Push technologies is an area of interest to me. I have been looking into frameworks, servers and libraries such as Atmosphere, ADF ADS, CometD 2, Kaazing, jWebSockets, Grizzly and others. In my experience, even though there is a lot of information to be found through Google, it is not simple to quickly gain a good understanding of what all these frameworks do. Part of the challenge is that articles written less than two years ago can already be completely outdated because of the rapid evolution of the software and even the concepts behind them. A striking example is the quick series of changes that the WebSocket specification underwent, leaving servers and clients gasping for breath in its wake, as well as a diverse series of non-compatible implementations of the various stages of the specification.
Other challenges include the lack of explanation of the inner workings of samples and the core of the framework (assuming existing knowledge that I frequently do not have), the sparse instructions when it comes to installation and configuration, the lack of originality in terms of examples (Echo Server, Chat application), the limited documentation – not seldomly out of date with the latest state of the software and the poorly moderated forums.
The very least I want to do in order to starting evaluating any technology is to get something running. And that is where at least there seems to be a convergence in approaches. Maven is at the heart for installing and running samples for most frameworks these days, sometimes complemented with Git to download the sources in the first place.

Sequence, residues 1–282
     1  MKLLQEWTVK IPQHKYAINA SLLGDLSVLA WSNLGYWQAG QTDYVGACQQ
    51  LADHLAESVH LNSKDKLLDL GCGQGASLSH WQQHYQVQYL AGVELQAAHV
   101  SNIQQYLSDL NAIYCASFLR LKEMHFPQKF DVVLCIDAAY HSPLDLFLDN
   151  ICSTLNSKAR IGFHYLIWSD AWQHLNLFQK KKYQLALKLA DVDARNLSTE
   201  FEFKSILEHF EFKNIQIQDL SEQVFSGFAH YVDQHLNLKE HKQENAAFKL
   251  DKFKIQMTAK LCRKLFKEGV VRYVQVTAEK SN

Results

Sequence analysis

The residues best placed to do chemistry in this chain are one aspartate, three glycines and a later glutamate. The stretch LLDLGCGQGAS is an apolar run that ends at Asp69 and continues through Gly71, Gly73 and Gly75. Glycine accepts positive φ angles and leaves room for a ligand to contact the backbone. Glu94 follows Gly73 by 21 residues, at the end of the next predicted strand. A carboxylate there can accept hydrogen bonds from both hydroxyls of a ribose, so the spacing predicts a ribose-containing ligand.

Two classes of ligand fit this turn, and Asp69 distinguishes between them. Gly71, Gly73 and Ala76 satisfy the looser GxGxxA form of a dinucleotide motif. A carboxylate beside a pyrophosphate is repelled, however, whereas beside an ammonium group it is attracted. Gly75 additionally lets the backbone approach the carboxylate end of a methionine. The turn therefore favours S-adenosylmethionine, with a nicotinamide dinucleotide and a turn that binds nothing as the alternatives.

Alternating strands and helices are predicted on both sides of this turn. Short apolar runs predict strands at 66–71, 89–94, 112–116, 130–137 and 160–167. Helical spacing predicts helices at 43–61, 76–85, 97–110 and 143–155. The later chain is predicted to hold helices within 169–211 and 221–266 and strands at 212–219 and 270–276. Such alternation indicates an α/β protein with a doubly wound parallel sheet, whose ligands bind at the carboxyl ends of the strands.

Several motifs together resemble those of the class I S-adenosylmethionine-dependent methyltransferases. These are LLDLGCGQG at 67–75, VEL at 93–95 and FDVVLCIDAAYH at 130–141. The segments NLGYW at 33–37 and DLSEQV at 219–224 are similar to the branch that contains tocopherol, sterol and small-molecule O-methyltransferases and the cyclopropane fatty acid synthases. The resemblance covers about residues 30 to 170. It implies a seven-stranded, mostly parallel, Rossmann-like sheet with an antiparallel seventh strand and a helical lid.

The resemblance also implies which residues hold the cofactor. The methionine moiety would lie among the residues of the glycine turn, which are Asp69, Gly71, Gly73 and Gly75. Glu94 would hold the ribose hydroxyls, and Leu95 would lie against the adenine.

This article very briefly demonstrates the steps for getting some of the CometD 2 samples up running on my local machine.
First, download a recent distribution for CometD 2, from its download site http://download.cometd.org/.
Save the file locally and extract its contents, to c:\java:
The pom.xml in the root directory for CometD2 is a hint of how exactly the library and its samples can be built: using Maven. In order to proceed, Maven needs to have been set up locally. In a previous article – https://technology.amis.nl/blog/14676/preparing-your-environment-for-modern-open-source-java-libraries-and-frameworks-using-git-and-maven-throwing-in-tomcat-as-a-bonus – I provide the bare minimum instruction for getting Maven up and running.
Samples for CometD2 can be found in various places in the distribution. One obviously is in the cometd-demo directory. Another one for example in cometd-java\cometd-java-examples.
To build installable WAR files to actually run samples, you need to have Maven execute the build phase from the directory. For example: open the command line prompt in C:\java\cometd-2.3.1\cometd-demo and execute mvn clean install.
This will build – and download a lot of files to the local Maven Repository – the CometD2 Demos as well as all of its dependencies (through the nested parent pom hierarchy).
Once the build completes successfully, a WAR file will have been created in the target directory: